When doing is just too much

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A client was talking about her relationship with her best friend. She told me how flattered she was when the friend said: “I love you coming to stay – I don’t have to try.”

My client took it to mean her friend (let’s call her Mary) was so relaxed with and fond of my client (let’s call her Sue) that she was being treated like a member of the family. What better honour than that?

On the face of it, I understood. She was welcomed into a household where she was accepted and loved in just the same way that any member of the “real” family may be. She could come and go, do what she liked with no expectations on her to behave in the slightly “creepish” way she might be tempted to if she were on her best behaviour. She didn’t need to be on her guard and on the lookout to please her host. She was secure in the knowledge that she would always be welcome.

The premise, of course, is a little difficult to start with. The type of guest who a host doesn’t have to bother with will never be the type who offends, even inadvertently. They will always be on their guard, by default, even if they’re not aware of it.

Gradually, as Mary became more and more used to Sue, the weekend treats became more regular. And Sue, having those people-pleasing traits we might have suspected, couldn’t help but try to be an even better guest than Mary could hope for.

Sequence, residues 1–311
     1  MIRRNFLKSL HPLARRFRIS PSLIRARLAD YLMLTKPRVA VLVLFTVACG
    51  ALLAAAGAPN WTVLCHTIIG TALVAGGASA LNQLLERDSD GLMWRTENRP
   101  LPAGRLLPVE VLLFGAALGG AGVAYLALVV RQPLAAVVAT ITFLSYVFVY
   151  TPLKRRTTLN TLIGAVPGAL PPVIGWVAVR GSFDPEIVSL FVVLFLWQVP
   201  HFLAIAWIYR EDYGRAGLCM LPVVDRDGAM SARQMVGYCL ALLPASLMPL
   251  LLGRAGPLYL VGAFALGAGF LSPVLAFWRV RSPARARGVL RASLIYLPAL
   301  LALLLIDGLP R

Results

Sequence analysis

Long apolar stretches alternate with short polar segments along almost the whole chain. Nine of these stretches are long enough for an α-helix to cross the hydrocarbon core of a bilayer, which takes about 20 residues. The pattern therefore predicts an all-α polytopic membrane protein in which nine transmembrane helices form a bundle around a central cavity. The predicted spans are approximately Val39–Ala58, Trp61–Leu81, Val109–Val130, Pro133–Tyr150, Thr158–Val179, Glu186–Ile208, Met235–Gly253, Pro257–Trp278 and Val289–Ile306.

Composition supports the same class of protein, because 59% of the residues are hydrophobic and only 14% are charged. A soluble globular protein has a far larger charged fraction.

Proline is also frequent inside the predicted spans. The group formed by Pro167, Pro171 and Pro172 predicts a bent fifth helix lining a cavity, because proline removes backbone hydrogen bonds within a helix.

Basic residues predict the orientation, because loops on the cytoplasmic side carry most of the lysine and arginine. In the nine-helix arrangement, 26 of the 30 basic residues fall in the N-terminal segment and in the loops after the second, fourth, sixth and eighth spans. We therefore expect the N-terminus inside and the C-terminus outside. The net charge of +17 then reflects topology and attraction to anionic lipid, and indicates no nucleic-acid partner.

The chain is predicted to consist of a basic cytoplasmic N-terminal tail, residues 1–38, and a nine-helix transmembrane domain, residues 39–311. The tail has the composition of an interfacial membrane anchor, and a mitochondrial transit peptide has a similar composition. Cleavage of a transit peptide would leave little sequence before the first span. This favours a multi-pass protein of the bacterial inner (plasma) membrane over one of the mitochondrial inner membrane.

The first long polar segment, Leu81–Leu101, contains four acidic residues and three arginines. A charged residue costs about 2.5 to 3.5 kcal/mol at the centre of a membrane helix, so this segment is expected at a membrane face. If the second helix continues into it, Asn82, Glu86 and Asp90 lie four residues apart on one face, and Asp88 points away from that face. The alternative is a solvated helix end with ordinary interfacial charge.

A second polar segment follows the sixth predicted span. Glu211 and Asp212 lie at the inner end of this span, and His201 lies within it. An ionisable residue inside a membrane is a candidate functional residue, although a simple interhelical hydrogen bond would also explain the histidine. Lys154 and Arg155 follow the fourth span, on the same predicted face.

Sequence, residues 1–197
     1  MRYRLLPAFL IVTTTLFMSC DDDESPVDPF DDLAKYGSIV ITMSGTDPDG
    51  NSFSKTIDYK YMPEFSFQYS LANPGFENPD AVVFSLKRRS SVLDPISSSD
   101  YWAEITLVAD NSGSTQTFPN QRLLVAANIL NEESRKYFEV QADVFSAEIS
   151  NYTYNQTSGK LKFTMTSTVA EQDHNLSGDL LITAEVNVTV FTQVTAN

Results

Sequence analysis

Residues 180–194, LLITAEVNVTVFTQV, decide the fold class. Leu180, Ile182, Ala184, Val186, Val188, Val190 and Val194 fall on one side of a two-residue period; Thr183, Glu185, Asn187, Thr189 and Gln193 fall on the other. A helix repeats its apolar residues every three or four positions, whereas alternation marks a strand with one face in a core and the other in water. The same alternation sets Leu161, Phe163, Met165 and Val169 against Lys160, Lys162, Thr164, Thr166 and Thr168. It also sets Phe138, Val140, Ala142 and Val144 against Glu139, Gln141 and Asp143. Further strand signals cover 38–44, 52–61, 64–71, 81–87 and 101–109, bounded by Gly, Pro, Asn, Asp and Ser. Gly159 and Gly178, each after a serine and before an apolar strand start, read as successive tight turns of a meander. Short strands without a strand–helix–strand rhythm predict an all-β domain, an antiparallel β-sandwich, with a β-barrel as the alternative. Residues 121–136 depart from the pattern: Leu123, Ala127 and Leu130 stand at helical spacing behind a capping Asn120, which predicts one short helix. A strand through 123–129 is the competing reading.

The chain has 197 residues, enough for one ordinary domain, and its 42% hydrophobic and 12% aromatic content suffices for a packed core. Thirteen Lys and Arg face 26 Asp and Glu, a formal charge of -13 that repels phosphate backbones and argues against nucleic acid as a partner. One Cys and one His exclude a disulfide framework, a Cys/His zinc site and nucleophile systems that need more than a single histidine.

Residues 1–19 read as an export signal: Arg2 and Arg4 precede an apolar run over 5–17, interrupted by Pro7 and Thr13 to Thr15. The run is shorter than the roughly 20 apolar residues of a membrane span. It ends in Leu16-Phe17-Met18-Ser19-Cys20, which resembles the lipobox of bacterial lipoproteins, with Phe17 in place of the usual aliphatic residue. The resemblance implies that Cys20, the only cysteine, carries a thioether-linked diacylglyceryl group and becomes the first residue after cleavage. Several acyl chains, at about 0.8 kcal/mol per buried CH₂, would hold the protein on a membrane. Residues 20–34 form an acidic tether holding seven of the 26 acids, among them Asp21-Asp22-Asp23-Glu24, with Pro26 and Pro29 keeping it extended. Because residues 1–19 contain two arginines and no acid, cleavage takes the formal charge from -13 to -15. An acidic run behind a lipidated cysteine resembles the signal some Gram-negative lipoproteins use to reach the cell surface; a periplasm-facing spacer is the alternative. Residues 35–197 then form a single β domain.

Sue was quick to shop, lay the table at lunch, make sparkling conversation and generally be the perfect pal. Often, because she was a good cook, Mary invited a few people for lunch on Sunday and Sue offered to cook the meal.

Mary, who gained many of her calories through alcohol and was slim as a reed, gratefully accepted. Gradually, what was once occasional, became a regular occurrence. Every weekend in the country became more of a chore as the guest list increased and Sue was left feeling a little hot and bothered in the kitchen.

What had seemed fun became more of a chore

What was worse was that Mary was an interesting and intelligent figure and well liked within her own community. She was well off and she had her own charisma. She chose friends who seemed to be a little further down the social pecking order than she was and those who came to lunch or dinner tended to make a fuss of her.

Sue, who was already beginning to feel a little taken for granted, felt that bit worse when the initial enthusiastic praise dropped off, leaving her feeling more like a backroom member-of-staff than the best friend she had imagined herself to be. The friendship, you might not be surprised to know, gradually tailed away. With hindsight, tempting as it is to blame Mary, was it really her fault? How was she to know Sue had larger-than-life expectations of this friendship. Sue never let on.

The term “people pleaser” is known and used widely now, but not usually by the real people pleasers. The phrase is often used in a virtue signalling way: “Oh, you know me, I’m such a people pleaser.”